Kickstarter Kicks Off Synergy Fund-Raising Drive

Synergy flashing its unique "double box tail" configuration

John McGinnis, designer and promoter of the Synergy aircraft, had a brief twinge of regret when Kickstarter, the crowd source funding site, turned down his project for inclusion in their site.  Luckily, the gloom was dispelled when friends and supporters prompted Kickstarter to change their mind.  A great deal of this was brought about by the eloquent efforts of Patrick Panzera of Contact MagazineHoward Handelman, a friend and supporter of John’s, and Brian D. Wendt, Aeropunk.com blogger.

John’s press release, issued today, spells out the importance of Kickstarter’s decision.

“Kalispell, MT, May 16, 2012:

“Since its unveiling last year, John McGinnis’ award-winning1 Synergy aircraft project has garnered a lot of critical attention for its advanced aerodynamics, but its sexy looks and prototype flyby videos certainly don’t hurt the pitch: major fuel savings and a modern passenger experience.

“Looking something like a futuristic cross between a sailplane and a fighter jet, the boldly different five-seat aircraft promises a quieter, more comfortable ride, along with greater performance and efficiency. Curb appeal aside, there’s an old quip among aviators; their response to the technical question of what really makes an airplane fly: ‘money.’

“A Kickstarter.com fan himself, McGinnis prepared a project submission and was met with a terse “not the best fit for Kickstarter, as it does not fit our creative arts focus.” In response, several followers formed Friends of Synergy, a direct-to-project funding drive modeled on the Kickstarter rewards, which quickly raised over $5000. Others began typing emails and blog entries.

“’We’re not sure what happened,’ McGinnis said, ‘but just after we gave up hope, we got an email from Kickstarter’s Callan Lamb: ‘I wanted to reach out and let you know that we’ve reconsidered your project submission.’”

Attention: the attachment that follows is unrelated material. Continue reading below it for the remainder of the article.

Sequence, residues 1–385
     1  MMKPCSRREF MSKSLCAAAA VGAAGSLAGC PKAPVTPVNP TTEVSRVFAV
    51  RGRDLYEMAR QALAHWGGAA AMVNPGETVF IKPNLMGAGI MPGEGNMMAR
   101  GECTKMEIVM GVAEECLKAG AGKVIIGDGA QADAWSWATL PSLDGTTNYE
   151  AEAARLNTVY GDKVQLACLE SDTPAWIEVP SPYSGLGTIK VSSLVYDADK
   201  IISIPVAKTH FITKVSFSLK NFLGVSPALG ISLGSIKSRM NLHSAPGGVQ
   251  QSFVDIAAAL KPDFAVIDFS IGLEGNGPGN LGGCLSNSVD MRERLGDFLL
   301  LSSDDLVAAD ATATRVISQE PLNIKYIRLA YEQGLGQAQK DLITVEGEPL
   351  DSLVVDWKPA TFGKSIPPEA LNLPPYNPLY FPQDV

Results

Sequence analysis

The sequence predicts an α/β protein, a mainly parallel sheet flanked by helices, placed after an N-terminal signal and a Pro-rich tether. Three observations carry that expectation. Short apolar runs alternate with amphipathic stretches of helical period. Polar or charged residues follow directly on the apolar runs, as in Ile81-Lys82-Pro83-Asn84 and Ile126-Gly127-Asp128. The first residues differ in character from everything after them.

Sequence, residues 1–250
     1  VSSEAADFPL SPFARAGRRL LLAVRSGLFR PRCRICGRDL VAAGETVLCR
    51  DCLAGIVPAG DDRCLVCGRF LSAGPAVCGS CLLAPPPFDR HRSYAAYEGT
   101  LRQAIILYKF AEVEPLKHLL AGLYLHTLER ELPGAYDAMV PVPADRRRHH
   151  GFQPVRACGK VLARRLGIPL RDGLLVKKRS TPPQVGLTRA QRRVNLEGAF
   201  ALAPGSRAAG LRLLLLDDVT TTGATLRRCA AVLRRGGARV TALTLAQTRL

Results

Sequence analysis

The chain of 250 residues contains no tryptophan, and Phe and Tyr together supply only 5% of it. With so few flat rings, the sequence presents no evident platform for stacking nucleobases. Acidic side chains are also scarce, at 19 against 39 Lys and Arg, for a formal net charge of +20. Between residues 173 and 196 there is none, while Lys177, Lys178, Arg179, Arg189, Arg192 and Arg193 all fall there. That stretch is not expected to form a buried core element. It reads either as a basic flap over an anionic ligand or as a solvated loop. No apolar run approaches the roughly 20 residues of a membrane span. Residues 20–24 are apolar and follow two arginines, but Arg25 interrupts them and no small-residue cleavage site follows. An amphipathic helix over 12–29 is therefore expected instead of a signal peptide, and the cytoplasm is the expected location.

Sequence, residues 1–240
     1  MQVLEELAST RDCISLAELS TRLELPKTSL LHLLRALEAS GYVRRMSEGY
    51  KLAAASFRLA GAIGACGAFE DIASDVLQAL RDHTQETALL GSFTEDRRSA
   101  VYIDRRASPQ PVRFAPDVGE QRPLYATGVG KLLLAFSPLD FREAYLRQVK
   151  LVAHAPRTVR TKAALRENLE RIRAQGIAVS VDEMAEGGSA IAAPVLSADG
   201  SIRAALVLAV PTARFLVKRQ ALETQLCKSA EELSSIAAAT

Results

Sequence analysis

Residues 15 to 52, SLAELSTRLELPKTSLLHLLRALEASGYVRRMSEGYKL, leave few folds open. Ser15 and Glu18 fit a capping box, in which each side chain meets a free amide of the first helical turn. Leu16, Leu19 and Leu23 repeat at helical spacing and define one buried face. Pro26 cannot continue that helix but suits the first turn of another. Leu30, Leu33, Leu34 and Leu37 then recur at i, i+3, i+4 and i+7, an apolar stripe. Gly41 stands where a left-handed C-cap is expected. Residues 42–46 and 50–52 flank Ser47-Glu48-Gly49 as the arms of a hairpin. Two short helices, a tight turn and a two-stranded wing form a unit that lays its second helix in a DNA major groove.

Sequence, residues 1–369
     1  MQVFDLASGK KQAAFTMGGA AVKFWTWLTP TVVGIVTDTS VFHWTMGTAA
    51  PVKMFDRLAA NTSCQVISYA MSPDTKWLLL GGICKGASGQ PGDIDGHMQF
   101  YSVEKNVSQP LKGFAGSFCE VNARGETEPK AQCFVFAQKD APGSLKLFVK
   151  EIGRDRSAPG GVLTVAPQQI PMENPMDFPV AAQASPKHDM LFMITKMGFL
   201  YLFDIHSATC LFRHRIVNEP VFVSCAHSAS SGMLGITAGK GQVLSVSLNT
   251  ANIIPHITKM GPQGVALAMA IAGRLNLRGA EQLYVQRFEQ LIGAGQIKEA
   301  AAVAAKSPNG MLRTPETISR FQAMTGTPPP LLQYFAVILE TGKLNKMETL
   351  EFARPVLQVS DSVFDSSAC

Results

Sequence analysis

“McGinnis said, ‘We’re ecstatic that Kickstarter will now help. Though this Synergy Kickstarter project’s initial goal of $65,000 is just ‘life support’ for the engine and landing gear installation phase of a much larger completion effort, we’re happy to receive this opportunity at this crucial time.’ Many timely projects receive an outpouring of enthusiasm from backers, which is part of the appeal of the crowdfunding model, McGinnis said.

“The Synergy Project bears a resemblance to other breakthrough efforts of modern memory, like the Gossamer Condor and Gossamer Albatross projects of Dr. Paul MacCready in the 70s, and the Rutan Voyager project in the 80′s, which were accomplished almost entirely through volunteer efforts.

“A credentialed lineup of test pilots, engineers and scientists, including thousands who follow the kit aircraft movement, are likewise following the project closely, many lending their time and expertise to the project at no charge. Several have traveled to Montana to help out personally, as the regular updates that appear on the project Facebook page have shown.

“McGinnis and his growing team are much more confident in the aeronautical work than in the mood swings of the economy. Fickle or not, the project is counting on a major response from their resurrected Kickstarter campaign. ‘I think this could be huge,’ McGinnis says. ‘Ordinary people get it.’

“Synergy is a five place, single engine experimental aircraft designed by John McGinnis. Unveiled April 29, 2011 by the EAA, online, and at the CAFE Electric Aircraft Symposium, the DeltaHawk diesel-powered, pressurized aircraft is distinguished by its unique ‘double box tail’ configuration and simultaneous application of seven highly advanced drag reduction technologies (patents pending).”

Follow the fortunes of the Synergy team on the project’s home page,  and receive regular updates on Synergy’s Facebook page.

John has additional details of the “unusual premise behind ‘open thermodynamics’ and the double box tail configuration, including the engineering and testing of the concepts to date.

1. “Most Innovative,” Sport Aviation Magazine, June 2011, p.32

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